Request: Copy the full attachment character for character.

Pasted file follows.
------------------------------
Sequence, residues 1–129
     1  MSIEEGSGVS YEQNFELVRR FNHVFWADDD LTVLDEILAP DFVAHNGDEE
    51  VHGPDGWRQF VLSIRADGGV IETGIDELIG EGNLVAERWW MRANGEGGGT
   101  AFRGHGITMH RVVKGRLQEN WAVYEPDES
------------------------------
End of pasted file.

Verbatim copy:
Sequence, residues 1–129
     1  MSIEEGSGVS YEQNFELVRR FNHVFWADDD LTVLDEILAP DFVAHNGDEE
    51  VHGPDGWRQF VLSIRADGGV IETGIDELIG EGNLVAERWW MRANGEGGGT
   101  AFRGHGITMH RVVKGRLQEN WAVYEPDES